All Hail the Queen
Anthurium warocqueanum is called the “Queen Anthurium” and it’s easy to see why. Its elegant, patterned leaves can grow to be three feet long. There’s a breathtaking example in the Conservatory of Flowers, but I couldn’t get close enough for a good photo, so here’s a smaller (but still lovely) example.
Last year when I first noticed it at the Conservatory, I sought one out online. The small specimen I received wasn’t much to look at when it first arrived, and unfortunately, it has only gotten worse.
In the seven months since that photo was taken, the poor little Queen lost two leaves and the third just waned. Everything I’d learned about the plant said she should be happy: she had medium indirect light, was moist but not wet, never below 60 degrees, and had no sign of bugs. But, clearly, she was not happy. So it was time for a Hail Mary pass.
The only thing I couldn’t account for was the soil. I’d repotted her into my usual mix of potting mix with a little extra bark that my jungle plants enjoy. Perhaps there was something about it she didn’t like?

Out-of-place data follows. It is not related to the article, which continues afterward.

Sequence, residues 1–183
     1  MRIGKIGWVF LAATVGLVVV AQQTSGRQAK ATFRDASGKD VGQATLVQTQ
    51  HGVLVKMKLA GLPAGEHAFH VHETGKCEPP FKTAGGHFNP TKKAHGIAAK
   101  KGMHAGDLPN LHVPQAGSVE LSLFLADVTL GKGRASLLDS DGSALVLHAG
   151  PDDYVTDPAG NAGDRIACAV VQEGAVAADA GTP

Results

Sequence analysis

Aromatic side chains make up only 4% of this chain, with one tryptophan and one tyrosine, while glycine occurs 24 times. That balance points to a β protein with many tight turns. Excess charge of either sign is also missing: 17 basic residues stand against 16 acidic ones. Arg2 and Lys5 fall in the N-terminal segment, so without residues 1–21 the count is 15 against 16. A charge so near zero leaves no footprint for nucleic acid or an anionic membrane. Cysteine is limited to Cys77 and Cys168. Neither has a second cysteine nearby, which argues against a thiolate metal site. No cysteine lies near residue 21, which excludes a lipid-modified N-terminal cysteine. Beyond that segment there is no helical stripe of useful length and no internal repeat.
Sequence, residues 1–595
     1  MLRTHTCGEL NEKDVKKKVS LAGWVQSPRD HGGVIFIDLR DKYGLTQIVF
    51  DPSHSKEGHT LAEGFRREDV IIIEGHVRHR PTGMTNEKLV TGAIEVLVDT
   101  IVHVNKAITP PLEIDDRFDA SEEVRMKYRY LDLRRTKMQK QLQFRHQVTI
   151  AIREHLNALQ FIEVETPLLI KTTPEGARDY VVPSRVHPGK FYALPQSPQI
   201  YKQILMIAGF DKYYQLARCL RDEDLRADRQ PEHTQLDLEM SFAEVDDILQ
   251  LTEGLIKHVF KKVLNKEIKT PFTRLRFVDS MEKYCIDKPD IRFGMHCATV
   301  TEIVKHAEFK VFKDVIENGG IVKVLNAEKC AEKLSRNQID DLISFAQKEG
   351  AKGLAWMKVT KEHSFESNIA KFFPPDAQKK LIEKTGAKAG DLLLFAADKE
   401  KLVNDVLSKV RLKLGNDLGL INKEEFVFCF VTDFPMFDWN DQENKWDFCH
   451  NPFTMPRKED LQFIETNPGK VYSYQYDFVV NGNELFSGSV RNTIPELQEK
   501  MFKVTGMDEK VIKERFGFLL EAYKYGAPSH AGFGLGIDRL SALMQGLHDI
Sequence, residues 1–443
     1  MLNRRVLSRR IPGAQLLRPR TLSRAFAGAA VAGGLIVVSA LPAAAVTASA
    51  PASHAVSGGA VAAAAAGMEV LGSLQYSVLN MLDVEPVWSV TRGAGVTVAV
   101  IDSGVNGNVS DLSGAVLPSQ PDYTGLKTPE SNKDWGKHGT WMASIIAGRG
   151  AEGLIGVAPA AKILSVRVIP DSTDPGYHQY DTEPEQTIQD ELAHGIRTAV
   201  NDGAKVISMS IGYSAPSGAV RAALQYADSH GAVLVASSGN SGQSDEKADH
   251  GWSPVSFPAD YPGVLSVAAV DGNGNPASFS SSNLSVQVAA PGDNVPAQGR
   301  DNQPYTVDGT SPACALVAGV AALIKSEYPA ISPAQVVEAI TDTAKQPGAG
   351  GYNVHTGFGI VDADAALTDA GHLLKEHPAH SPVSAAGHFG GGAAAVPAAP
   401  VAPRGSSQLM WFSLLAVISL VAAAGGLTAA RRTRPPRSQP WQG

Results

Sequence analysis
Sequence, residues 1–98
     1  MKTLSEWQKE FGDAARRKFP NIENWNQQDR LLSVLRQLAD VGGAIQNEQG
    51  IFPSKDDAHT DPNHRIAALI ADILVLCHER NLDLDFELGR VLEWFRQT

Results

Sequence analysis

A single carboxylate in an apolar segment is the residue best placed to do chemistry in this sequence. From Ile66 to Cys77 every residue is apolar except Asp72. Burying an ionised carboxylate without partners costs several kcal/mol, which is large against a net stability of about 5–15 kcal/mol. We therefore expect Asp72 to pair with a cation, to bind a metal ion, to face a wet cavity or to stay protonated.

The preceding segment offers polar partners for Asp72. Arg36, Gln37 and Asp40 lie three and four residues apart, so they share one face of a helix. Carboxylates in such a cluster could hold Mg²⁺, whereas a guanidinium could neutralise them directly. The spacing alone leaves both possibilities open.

So today I removed her from her soil and washer her roots. They were white and firm – a good sign. I then placed her on a piece of driftwood I’d collected at the beach a while back (I cleaned it and made sure it had no bugs beforehand, of course). Then I placed some damp Sphagnum moss around the roots and bound it all together with fishing line.
In the wild, Queen Anthurium grow as epiphytes – plants that grow on other plants. Epiphytic plants typically take root in the damp moss that grows on trees. By mounting it this way, I’m mimicking the plant’s natural environment (at least, as much as I can in San Francisco).
The plant’s obviously already stressed, and I’m sure this move will stress her more, so chances are this won’t end well. But at least no one can say I didn’t serve the Queen as best I could.